Sunday, 15 Mar 2020 –
JAKARTA: Habitat loss and conflicts with humans continue to pose a threat to the Sumatran tiger, especially in South Sumatra, where four remaining natural habitats are shrinking because of deforestation, according to the Zoological Society of London’s (ZSL) Indonesia programme.
ZSL’s tiger conservation project manager Yoan Dinata said South Sumatra had suffered deforestation since the 1970s as the forests were mostly located in lowlands with easy access for people to use them for agriculture and human settlements.
Primary forests that are natural habitats for tigers in South Sumatra, according to ZSL, now remain in four areas: the Sembilang National Park, some parts of Harapan Forest, Bukit Jambul Patah Nanti Forest and Bukit Dingin Mountain – the latter two are part of the larger Rejang area that extends into neighboring Bengkulu province. The four natural habitats are among a total of 23 areas suitable for Sumatran tigers across Sumatra Island.
“These four forests must be saved, ” Yoan said.
Deforestation had also intensified conflicts between humans and tigers and increased the risk of extinction of the Sumatran tiger, as its population dwindles, Yoan said.
Five people died in at least seven Sumatran tiger attacks in the southern part of South Sumatra in less than two months in late 2019.
“These conflicts are also a reminder that Sumatran tigers still exist and their forests must be protected, ” Yoan said.
The Sumatran tiger is categorised as critically endangered on the International Union for Conservation of Nature’s (IUCN) red list since 2008. Accelerated deforestation in Sumatra, poaching and rampant illegal trade have significantly decreased the number of Sumatran tigers across the island.
Conservationist and Sintas Indonesia Foundation director Hariyo Wibisono said Sumatran tigers needed large areas to roam, so each habitat should be at least 250 square kilometres.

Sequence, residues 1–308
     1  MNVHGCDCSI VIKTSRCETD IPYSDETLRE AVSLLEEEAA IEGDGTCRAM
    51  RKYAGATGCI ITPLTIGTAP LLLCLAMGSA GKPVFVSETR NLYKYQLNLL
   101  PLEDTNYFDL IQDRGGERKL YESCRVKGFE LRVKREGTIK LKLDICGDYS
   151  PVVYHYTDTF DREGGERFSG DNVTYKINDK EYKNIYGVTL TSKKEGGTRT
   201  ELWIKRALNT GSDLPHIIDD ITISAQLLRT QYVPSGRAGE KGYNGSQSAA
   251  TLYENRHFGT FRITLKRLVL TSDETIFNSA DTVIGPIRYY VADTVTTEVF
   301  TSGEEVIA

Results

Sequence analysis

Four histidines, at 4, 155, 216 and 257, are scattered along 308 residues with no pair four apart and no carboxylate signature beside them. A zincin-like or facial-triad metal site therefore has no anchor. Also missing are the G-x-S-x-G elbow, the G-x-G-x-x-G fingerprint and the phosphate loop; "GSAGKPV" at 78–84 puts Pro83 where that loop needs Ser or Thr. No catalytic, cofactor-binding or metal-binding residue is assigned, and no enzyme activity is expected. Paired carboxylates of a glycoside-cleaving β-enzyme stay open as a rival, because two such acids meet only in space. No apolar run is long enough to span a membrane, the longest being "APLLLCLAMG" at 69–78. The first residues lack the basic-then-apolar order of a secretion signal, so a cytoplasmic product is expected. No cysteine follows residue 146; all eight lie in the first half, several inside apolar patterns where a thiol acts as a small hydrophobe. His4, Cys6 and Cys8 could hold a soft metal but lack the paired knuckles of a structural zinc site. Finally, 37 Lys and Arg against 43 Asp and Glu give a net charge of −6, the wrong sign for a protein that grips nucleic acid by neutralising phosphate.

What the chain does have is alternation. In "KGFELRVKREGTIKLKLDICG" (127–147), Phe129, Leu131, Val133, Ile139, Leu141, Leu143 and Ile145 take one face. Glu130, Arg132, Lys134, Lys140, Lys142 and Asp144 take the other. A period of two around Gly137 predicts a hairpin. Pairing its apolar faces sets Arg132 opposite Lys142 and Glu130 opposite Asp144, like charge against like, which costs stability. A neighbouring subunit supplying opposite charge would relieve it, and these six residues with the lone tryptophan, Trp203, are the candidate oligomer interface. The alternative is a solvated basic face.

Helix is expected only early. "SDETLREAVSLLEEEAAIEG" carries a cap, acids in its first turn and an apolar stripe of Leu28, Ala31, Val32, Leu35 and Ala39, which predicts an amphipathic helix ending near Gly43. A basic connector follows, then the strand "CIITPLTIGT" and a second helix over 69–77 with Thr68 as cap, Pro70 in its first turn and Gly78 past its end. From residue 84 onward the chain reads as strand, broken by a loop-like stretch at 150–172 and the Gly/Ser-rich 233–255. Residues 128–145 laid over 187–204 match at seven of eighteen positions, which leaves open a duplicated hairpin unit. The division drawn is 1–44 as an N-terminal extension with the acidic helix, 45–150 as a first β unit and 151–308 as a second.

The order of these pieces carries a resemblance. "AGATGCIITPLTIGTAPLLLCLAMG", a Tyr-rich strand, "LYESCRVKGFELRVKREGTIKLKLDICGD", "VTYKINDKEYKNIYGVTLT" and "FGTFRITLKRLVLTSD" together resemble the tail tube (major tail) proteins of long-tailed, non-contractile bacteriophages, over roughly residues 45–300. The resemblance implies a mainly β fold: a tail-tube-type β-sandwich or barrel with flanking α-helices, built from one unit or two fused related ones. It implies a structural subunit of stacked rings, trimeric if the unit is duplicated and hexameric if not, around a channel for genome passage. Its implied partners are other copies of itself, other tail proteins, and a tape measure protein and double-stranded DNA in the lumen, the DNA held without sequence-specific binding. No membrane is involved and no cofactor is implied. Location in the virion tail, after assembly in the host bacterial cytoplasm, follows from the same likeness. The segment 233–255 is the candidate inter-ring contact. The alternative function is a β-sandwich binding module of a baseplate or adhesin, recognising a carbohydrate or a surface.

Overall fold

“(Tigers’) conflicts with humans cannot be predicted, and as long as there are tigers [near human settlements], there is potential for conflicts, ” Hariyo said.
However, because residents may not be aware of how to handle such conflicts, Hariyo urged authorities, especially the local natural resources conservation agencies (BKSDA) to be more alert. The agencies must inform people that they should report any encounter with the animals and not take matters into their own hands.
According to Hariyo, encounters between tigers and humans could become more frequent, particularly when young tigers were no longer dependent on food procured by their mothers and were searching for their own places to roam in their shrinking habitats.
On Jan. 21, a young Sumatran tiger believed to have mauled to death a Semendo Darat resident in Muara Enim was caught in a box trap. It is now in the care of Tambling Wildlife Nature Conservation (TWNC) in neighboring Lampung province.
“We will most likely return it into the wild. It is still young, only about two to three years old, and has only recently been able to search for its own food. It was looking for its own territory but was cornered, leading to the attack, ” South Sumatra BKSDA head Genman Hasibuan said recently.
The body of 30-year-old Sulis, the resident, was found in a riverbed near her village weeks before the capture of the tiger.
Data from the Environment and Forestry Ministry’s Natural Resource and Ecosystem Conservation (KSDAE) Directorate General, however, show that wildlife-human conflicts in South Sumatra are relatively low compared to other regions. South Sumatra saw 15 incidents of such conflicts between 2001 and 2019, far less than 81 incidents in North Sumatra and 235 in Riau.
Genman said that, according to South Sumatra BKSDA records, 17 Sumatran tigers were left in South Sumatra. Most live in the Rejang region in the southern part of the province, which lies in Pagar Alam municipality, Lahat regency, Muara Enim regency and South Ogan Komering Ulu regency.
Yoan suggested that areas for tiger movement across the region be maintained or even created. These areas were critical for tigers to find food, shelter and opportunities to breed. He also suggested that the government breed Sumatran tigers of different habitats.
“We estimate that about 600 Sumatran tigers exist (across Sumatra). If there are no conscious efforts, their population will keep dwindling (to the point of extinction), ” he said.
South Sumatra Forestry Agency head Pandji Tjahjanto said forests covered around 40 percent of the province’s total 3.46 million hectares of land. He said these forests were at risk of further deforestation due to land conversion.
“This is our collective duty to return the function of the tiger’s natural habitat, ” said Pandji, adding that his office lacked the capacity to patrol wide forest areas in South Sumatra.
“(However) we are committed [to addressing this issue]. In February, we conducted campaigns on [human-animal] conflict-free villages, and now the (newly established) task force on wildlife conflict is ready to work, ” he said. – The Jakarta Post/ANN